The Illinois Compiled Statutes regarding the Workers’ Compensation Act are constantly changing. These changes can affect workers’ compensation benefits through direct changes to the law, but they may be particularly vulnerable to budgets – especially the state budget that has yet to be completed.
The debate over the Illinois Budget has already missed its deadline of May 31, 2015. With proposed spending and budget cuts, there is plenty of speculation as to how this budget will impact workers’ compensation. The state’s House has already given approval for workers’ compensation reform with proposals from both sides. To meet the issues of the capital budget, the state governor has proposed that the state adopt five structural reforms that will make it cheaper to keep the state in operation.
The biggest change that is proposed for workers’ compensation is to the no-fault program, which is used for compensating work-related injuries. The state feels that this old agreement is too relaxed and allows workers to receive benefits for injuries that are not necessarily the fault of the employer – or the burden of the state. While the rules were already changed in 2011 to decrease the payment benefits, insurance premiums have not followed suit.
One of the biggest demands in this reform is causation. If approved, injuries would only be compensated if the major contributing cause of those injuries was work-related. Therefore, to prove you qualify for workers’ compensation, you would need to prove that your injury was directly linked to a job-site cause, as the no-fault consideration would no longer be present.
The majority of states in the U.S. require that injured workers prove their injury was predominantly caused by – or at least directly related to – their employment. While this can vary from state to state, most states do require a minimum of 50 percent causation to qualify for workers’ compensation. That means the injury must have been 50 percent or more directly related to work. Right now, the Illinois standard percentage is less than one percent, meaning that a worker in Illinois only needs to prove the injury or illness is one percent related to their employment to qualify for benefits.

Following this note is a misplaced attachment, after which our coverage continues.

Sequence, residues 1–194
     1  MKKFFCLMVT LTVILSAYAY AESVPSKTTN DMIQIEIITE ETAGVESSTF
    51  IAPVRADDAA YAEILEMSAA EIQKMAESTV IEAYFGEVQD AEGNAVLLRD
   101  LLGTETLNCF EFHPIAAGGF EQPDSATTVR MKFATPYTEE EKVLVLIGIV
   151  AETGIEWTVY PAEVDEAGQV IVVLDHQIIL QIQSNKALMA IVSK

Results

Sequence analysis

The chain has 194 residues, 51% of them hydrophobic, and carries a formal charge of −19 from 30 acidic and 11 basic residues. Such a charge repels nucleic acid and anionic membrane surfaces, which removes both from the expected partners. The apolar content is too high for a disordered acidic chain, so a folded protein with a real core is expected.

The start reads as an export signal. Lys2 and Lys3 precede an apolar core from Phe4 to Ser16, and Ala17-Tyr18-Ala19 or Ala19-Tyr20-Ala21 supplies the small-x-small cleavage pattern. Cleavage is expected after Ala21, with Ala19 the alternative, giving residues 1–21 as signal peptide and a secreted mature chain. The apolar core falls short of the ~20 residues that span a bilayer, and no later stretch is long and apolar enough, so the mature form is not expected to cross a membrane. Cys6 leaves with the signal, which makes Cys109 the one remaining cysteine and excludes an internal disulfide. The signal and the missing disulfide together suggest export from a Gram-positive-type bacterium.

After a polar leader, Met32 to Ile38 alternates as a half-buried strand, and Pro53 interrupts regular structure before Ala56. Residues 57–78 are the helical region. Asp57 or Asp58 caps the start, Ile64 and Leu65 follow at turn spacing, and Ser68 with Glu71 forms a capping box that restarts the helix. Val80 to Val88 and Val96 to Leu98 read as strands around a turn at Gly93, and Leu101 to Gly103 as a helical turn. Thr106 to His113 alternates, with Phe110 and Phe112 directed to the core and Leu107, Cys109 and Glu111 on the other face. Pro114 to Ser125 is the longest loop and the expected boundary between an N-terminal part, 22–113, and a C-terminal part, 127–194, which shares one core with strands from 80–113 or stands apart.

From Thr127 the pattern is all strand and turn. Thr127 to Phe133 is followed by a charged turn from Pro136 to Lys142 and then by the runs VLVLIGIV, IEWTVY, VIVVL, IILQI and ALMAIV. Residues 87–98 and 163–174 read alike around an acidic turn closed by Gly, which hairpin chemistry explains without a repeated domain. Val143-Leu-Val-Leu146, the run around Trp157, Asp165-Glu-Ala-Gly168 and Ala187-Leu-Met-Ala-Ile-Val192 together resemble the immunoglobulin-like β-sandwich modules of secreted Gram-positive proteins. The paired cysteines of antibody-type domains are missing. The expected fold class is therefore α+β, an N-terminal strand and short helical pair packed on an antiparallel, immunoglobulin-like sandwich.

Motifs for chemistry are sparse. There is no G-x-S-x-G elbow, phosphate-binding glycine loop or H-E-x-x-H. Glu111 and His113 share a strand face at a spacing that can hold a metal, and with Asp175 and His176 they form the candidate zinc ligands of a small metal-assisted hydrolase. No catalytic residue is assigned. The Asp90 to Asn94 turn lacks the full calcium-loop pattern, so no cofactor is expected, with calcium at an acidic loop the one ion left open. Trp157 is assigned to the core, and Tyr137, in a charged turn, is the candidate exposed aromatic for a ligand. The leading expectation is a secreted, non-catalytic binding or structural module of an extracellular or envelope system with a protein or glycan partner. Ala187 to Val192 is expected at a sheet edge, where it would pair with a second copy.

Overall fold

It is still unclear what the outcome of this proposed reform will be. However, Illinois has the highest workers’ compensation coverage rates in the country, making it hard for the state to be competitive with other states when it comes to attracting new business. By changing the law, the state hopes to make Illinois a more attractive option for new business ventures, hopefully leading to an increase in the economy.
Reform talks will take some time and, as of now, the law remains as it has since 2011. If you were injured on the job, regardless of causation percentage, you should still consult a workers’ compensation attorney to assist you with your claim. The team at Malman Law understands the laws spelled out in the Workers’ Compensation Act and we can assist you with receiving a fair settlement. Contact us online or call 888-625-6265 to schedule a free consultation.
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